“The next Queens district attorney should not only be aware of them,” he continues, “but also build on their success. To uproot the current system risks doing, well, exactly that.” He later adds: “Crime is down. Arrests are down. Incarceration is down. Police use of force is down. What exactly are we hoping to reverse?”
The “nothing to see here” approach is a new—but compelling—anti-reform rhetorical gambit. It gestures toward caring about reform so as to look reasonable and liberal, but then insists there’s nothing more to be done. Not mentioned in the Daily News opinion piece is that, while it’s true the incarcerated population of New York State and the city is down from its peak, it’s still far above that of wealthy nations. To say nothing of the fact that, qualitatively, New York state prisons are still violent and rife with abuse.
Saying criminal justice reform is complete in 2019 is comparable to telling Black activists, upon hearing the Supreme Court’s Brown v. Board of Education ruling in 1954, to hang it up and retire because things are slightly better than they were in 1950. Yes, there has been some progress, but the U.S. criminal system is still entirely out of whack with the rest of the world both in scope and severity.
4. Using justifiable fears to create a wedge among liberals
To convince otherwise sympathetic readers and viewers that bail reform is harmful, some outlets choose to focus on how these reforms can have negative effects in areas typically associated with liberal advocacy, such as domestic abuse and gun control.
An investigation done by the Chicago Tribune in May documented cases where people released on individual recognizance bonds (non-cash bail) later committed domestic abuse. The looming implication of the piece: criticism of bail reforms brought about, in part, by Cook County State’s Attorney Kim Foxx. It’s a serious issue and one meriting a sober conversation. But a great deal of context is omitted from the simple narrative implied by the Tribune’s report. A February opinion piece for City Limits by Leigh Goodmark, director of the Gender Violence Clinic at the University of Maryland Law School, points out the problems with lack of context. First is that unemployment—a common result of excessive detention—heavily correlates with domestic abuse, only serving to compound the problem. Additionally, victims are frequently criminalized. Some surveys show as 1 in 4 victims are arrested or threatened with arrest after reporting domestic abuse to the police, even when they have suffered an injury. There are real, measurable downsides to the carceral approach to domestic violence not factored into these reports.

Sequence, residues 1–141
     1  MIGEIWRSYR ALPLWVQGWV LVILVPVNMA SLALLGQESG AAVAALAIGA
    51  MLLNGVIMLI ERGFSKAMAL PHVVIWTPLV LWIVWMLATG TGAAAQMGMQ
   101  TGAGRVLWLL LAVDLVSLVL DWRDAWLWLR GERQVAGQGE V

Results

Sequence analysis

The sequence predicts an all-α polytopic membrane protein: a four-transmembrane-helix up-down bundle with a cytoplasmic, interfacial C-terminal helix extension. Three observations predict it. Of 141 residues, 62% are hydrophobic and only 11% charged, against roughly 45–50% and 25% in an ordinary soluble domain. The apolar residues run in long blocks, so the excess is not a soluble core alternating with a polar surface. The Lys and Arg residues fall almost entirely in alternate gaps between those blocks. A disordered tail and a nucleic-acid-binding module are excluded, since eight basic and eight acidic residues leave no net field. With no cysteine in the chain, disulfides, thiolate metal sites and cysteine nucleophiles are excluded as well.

Outlets like CBS 2 Chicago, the Chicago Tribune, and the Chicago Sun-Times use the real issue of gun violence to undermine bail reform, a talking point, as we noted last month, with little empirical basis. Gun control is extremely popular with liberals, a demographic also sympathetic to reform efforts, and will likely be a primary messaging battleground for reformers in the years to come.
Living in a free society carries inherent risks. The easiest way to assure there’s no crime ever would be to lock up everyone. But society doesn’t do this because we understand there’s a balance between freedom and the violence of incarceration—our fifth tactic.
5. No accounting for violence in jail
Anti-reform news reports and op-eds critical of reform efforts almost never account for the other side of the violence equation: Jail time is an extremely violent and traumatizing experience that harms not just those put in jail, but their families, children, partners, and communities writ large. If one wants to discuss harms done as a result of reform—as anecdotal as they may be—they have to, at least, try to account for the violence of putting people in cages for years on end.
None of the reports and op-eds that have been discussed here do this. None account for the harm brought on by our routine practice of jailing people. This is because it’s a violence that is routine and largely unseen. But this doesn’t make it any less profound and quantifiable. As John Pfaff detailed for The Appeal last fall, there are real and urgent stakes at play. “People are physically and sexually assaulted in prison,” Pfaff wrote. “Mental health issues arise or worsen in prison. Prison is a vector of illness and STDs …The risk of death from a drug overdose rises sharply upon release.”
In addition, prison tears families apart. Fathers and mothers are ripped away from their children. Adult children can’t care for their aging parents, money is drained from the community. Prison leads to higher aggregate unemployment, severely limits economic mobility, and has been linked to post-traumatic stress disorder (PTSD). Criminality both causes and is caused by drug addiction.
Jailing people even fails by the tough-on-crime logic its advocates claim to advance. As Media Frame noted last month, multiple studies have shown that pretrial detention increases the likelihood a person will commit future crimes. This is most likely due to “negative peer influence” of jail and the life-altering act of abruptly forcing people to drop out of high school or college and/or losing a job. Dropping out of school and losing one’s employment correlate heavily with future criminality.
With criminal justice reform—like all social change—there will be unknowns, trade-offs, and missteps. For too long, the incentives for elected officials have been to throw as many people in jail as possible to mitigate the risk of being subject to a “Willie Horton”-style attack. The recent media pushback against reform DAs portends a similar backlash. Those working to correct the excess and cruelty of America’s prisons must know how to identify these tropes and counter them before these toxic narratives, with the media’s help, further burrow themselves in the public mind.